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Online Researching

As suggested above, the Web is dramatically altering repository research. Print genre mutate, and new interactive formats appear. Distinctions between published and unpublished or archival materials vanish—anything on the Web is in effect published. Even the prior need to physically travel to the library or archives is disappearing. Instead, the magic of search engines and Internet connections is giving scholars unprecedented and instantaneous access to vast amounts of digitized content around the world. The modern scholar thus become involved with a new array of automated searching tools on both sides of the Web:

  • Open (Visible) Web Searching: The normal and free area that is covered by Google and inhabitant by major repository collections and government documents—as well as an immense range of less-trustworthy resources.
  • Deep (Hidden or Invisible) Web Searching: The larger and controlled access environment that includes the secondary research materials for scholarly context.


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Note Taking/Citations

Finally, you must systematically record your research findings—including formal citations on their origins. The latter is vital to avoid inadvertent plagiarism.  See: Style Manuals page.

Although the introduction of photocopying in the 1960s helped immensely, researchers were long forced to take notes by hand and copy quotation.  The notecard was king and remains a useful device. Cards can be color coded, notched, readily shuffled and rearranged to account for changing needs. You, however, will likely make use of the computer. Software adds flexibility for bookmarking, cut-and-pasting findings, searching, and sorting.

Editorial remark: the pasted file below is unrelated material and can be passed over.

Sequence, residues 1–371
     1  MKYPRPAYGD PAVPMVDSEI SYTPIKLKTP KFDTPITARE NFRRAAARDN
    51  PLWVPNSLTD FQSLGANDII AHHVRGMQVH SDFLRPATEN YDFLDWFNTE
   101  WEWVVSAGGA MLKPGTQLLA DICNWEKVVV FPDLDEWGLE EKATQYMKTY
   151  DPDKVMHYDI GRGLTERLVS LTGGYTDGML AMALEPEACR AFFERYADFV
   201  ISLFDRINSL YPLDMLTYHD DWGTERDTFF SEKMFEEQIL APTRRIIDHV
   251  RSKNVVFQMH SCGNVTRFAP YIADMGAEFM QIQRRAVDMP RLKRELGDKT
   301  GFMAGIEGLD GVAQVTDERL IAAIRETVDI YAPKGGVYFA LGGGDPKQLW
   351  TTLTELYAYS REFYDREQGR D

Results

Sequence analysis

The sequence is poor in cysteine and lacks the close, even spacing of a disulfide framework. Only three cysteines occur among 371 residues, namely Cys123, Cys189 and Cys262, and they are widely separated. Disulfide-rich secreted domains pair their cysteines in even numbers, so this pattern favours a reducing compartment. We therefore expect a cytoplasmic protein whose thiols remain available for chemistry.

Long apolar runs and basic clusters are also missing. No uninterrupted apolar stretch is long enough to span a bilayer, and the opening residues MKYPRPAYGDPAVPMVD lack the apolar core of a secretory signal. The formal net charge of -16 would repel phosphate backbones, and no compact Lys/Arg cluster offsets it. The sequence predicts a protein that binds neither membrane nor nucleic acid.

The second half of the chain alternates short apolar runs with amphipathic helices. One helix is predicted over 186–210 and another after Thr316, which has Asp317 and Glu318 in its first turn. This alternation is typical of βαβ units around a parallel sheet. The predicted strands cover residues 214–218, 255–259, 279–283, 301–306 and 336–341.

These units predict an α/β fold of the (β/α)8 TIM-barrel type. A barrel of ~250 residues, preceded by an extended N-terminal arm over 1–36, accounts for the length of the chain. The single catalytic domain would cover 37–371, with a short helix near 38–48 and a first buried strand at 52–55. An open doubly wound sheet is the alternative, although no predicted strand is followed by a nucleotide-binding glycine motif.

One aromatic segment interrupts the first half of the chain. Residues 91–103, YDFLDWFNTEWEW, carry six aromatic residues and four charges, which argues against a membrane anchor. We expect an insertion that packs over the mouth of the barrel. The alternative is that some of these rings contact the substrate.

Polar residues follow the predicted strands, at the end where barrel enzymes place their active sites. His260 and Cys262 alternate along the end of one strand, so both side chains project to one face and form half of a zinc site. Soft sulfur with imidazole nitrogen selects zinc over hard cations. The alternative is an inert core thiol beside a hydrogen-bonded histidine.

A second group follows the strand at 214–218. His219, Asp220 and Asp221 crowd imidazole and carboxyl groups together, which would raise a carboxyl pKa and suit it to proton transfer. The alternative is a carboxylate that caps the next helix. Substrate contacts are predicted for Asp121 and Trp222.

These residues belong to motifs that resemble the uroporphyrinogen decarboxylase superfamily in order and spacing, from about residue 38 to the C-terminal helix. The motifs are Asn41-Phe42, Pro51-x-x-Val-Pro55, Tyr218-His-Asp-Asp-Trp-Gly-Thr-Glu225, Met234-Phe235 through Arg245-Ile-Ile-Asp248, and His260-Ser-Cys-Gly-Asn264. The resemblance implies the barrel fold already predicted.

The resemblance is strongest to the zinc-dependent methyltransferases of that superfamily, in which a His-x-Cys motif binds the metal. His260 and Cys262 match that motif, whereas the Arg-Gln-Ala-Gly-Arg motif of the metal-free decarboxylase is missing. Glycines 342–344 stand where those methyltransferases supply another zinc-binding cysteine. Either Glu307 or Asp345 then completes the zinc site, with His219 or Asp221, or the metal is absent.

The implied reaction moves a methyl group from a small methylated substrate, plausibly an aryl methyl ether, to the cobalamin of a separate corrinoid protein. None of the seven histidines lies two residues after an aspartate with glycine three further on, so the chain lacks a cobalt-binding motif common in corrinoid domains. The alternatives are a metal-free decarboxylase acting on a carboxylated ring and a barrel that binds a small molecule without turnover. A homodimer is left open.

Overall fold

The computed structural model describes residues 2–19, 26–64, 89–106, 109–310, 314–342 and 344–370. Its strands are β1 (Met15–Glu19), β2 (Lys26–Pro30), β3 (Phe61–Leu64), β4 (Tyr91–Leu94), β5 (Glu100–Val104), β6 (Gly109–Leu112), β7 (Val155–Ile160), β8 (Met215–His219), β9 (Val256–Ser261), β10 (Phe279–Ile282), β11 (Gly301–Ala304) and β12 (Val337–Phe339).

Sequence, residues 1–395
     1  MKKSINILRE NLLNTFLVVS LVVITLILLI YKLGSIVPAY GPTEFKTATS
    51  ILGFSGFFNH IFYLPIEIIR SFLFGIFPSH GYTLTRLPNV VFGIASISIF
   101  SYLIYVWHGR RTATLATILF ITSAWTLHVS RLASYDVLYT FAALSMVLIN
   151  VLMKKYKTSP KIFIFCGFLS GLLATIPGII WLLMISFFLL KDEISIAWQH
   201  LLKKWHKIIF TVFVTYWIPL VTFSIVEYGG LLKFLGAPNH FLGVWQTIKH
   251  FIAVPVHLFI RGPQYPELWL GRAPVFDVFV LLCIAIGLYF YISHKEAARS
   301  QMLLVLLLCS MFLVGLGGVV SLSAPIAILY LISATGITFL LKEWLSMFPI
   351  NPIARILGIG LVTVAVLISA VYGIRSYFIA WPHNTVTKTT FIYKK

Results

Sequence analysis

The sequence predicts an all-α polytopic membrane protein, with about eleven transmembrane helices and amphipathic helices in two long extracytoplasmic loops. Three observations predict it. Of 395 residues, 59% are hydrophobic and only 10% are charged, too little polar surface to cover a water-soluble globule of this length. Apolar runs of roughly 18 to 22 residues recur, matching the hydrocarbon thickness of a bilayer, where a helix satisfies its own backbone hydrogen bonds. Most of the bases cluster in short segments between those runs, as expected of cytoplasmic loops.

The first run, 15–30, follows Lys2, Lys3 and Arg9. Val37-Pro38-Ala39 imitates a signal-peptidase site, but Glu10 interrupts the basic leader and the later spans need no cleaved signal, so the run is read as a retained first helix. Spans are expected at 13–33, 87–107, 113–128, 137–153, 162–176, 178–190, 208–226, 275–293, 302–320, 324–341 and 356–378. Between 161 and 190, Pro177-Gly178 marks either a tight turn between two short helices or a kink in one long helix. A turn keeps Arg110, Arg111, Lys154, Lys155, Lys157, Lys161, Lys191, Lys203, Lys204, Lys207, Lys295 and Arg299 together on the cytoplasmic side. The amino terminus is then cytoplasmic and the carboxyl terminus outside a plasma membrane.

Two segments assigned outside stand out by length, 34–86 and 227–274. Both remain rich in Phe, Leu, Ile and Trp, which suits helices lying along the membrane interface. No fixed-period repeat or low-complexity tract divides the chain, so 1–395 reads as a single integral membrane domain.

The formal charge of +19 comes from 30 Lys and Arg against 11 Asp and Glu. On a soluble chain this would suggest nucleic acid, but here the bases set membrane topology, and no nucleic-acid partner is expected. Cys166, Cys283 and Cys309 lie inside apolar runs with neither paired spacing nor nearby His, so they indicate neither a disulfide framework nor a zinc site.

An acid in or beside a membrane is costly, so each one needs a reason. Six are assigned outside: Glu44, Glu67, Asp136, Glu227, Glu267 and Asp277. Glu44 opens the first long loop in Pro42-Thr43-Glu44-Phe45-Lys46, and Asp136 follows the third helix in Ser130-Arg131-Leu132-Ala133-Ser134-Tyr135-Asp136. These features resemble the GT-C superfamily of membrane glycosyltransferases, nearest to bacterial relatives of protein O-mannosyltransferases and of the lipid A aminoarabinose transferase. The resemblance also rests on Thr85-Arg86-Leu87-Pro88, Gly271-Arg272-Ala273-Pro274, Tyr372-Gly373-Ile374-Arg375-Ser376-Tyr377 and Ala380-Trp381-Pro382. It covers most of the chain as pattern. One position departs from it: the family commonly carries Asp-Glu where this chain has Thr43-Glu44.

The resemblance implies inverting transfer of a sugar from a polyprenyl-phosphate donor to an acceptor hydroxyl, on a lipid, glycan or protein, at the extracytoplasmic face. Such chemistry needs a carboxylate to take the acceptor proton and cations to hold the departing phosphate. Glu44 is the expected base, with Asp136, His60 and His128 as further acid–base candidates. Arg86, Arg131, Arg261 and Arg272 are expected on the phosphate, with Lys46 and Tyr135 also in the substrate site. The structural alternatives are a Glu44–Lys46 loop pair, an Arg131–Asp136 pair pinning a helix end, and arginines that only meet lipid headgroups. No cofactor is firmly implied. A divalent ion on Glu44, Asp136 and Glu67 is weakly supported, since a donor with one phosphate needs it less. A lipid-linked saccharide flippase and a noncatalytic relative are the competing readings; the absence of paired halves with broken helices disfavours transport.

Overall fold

• Web-Based Reference Management Tools: Try Mendeley or Zotero to manage your sources and easily export citations directly from APUS Library databases. See this FAQ for more information: Are there any good citation management tools that I can use?
  • Specialized Software: Notebook software is rapidly developing for downloading to your computer or Thin-Client Web applications—for example, Microsoft's OneNote, the Mac StickyBrain, or freeware—like Evernote.  These and related software—such as Mindmanger's idea-mapping software and Inspiration's outlining tools for schools—assist both recording materials and organizing your thoughts. They may include automatic citations, bookshelf storage, hyperlinking, and supplemental search.
  • Word Processing Work-Arounds: Familiar word processors offer powerful options for research writers. Your own Web pages with HTML code and hyperlinks can be authored with the flip of a switch (See: Research Writing & the Web). Directories/Folders and file naming enable crucial organizational patterns. The Outline function allows one to directly flesh out a study. In addition, you can use the Tables function for a limitless note-taking resource—one that can be automatically sorted, searched, and the parts related to an outline or topical classification.

PLAGIARISM WARNING: The Web and automation have made it so easy to copy that sources can become lost or mixed with one's thoughts. Such results are still plagiarism!  Remember that you are being evaluated as scholars. Don't forget to show how you did your work and display scholarly citations for quotations and paraphrases.   When in doubt, cite!

For plagarism prevention tips, click here.